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Herbie Nichols Project Plays Oct. 18

You know your music has become a canonized art when you have people passionately arguing on behalf of musicians who have been excluded from the canon. One of the more successful advocacy ventures of recent years is the Jazz Composers Collective’s Herbie Nichols Project, dedicated to the pianist-composer who wrote “Lady Sings the Blues” for Billie Holliday but whose work was nevertheless neglected following his death from leukemia in 1963 at the age of 44. The Jazz Composers Collective opens its tenth season on Oct. 18 with a concert at New York City’s New School; they’ll be celebrating their latest opus on Nichols’ behalf, Strange City (pictured left), and fans of the unknown and underrated will undoubtedly want to have a listen.

Strange City features eight compositions Nichols never recorded with his trio, but have now been realized by a much larger ensemble: trumpeter Ron Horton, saxophonists Ted Nash and Michael Blake, trombonist Wycliffe Gordon, drummer Matt Wilson, pianist Frank Kimbrough, and bassist Ben Allison; the latter two act as co-leaders of the group. Members of the collective discovered the eight compositions in 1995 at the Library of Congress; previously, their existence had been a mere rumor.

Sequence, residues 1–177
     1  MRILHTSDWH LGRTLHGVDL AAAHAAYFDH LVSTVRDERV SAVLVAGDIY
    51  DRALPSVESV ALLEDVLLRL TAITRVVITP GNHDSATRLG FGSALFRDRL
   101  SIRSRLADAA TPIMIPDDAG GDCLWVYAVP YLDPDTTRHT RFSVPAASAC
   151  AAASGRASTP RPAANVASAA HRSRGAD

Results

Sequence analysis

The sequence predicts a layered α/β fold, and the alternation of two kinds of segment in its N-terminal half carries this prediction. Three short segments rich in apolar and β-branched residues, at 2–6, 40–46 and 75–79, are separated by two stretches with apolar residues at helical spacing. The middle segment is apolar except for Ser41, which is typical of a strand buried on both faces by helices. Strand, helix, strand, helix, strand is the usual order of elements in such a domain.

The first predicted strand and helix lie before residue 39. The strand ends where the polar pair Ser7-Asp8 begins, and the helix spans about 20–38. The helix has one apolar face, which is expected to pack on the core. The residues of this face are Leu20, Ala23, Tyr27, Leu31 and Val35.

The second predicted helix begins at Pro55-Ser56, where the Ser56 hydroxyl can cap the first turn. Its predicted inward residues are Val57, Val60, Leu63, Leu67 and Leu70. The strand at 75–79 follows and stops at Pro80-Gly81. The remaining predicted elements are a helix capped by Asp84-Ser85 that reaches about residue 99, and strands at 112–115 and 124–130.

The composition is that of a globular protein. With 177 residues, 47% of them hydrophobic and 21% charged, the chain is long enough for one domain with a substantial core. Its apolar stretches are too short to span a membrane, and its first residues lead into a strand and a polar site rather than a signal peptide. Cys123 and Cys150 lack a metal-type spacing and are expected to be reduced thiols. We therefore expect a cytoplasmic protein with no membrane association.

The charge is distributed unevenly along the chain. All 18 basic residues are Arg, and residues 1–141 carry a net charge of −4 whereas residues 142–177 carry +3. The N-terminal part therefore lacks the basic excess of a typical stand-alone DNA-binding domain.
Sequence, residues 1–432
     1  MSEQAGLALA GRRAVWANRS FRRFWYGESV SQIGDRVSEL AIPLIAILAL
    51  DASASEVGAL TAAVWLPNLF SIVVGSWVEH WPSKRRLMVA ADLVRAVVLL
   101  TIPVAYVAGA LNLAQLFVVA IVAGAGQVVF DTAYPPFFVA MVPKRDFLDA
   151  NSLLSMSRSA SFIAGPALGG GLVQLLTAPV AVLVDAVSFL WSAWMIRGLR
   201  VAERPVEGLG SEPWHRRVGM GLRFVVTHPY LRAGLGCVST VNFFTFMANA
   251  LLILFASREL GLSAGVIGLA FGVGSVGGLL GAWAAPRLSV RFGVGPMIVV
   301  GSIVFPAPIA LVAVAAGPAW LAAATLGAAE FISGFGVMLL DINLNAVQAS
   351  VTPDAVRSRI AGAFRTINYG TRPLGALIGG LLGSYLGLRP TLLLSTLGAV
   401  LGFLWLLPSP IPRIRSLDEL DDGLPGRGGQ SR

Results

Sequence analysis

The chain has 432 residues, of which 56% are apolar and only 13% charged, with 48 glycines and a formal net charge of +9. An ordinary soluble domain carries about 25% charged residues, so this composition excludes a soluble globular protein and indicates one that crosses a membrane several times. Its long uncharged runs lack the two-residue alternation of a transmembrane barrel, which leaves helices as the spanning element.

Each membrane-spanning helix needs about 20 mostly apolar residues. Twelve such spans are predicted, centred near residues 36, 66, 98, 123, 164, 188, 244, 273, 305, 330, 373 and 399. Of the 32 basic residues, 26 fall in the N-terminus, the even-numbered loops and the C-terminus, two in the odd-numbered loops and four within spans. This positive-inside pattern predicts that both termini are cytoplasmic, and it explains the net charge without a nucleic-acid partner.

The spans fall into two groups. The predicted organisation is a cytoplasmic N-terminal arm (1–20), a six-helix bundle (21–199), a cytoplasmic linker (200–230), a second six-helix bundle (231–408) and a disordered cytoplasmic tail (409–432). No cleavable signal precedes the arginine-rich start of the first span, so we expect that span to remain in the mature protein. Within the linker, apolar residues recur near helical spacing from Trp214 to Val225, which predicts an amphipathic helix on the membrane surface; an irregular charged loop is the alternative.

The Jazz Composers Collective is a non-profit organization run by its musicians, and the ticket prices for Thursday’s event reflect that: $10 regular, $5 for students. The concert will be held at the New School’s Jazz Performance Space at 55 West 13th St. in Manhattan. For more information on tickets, call (212) 995-1552. For more information on the collective, visit

Originally Published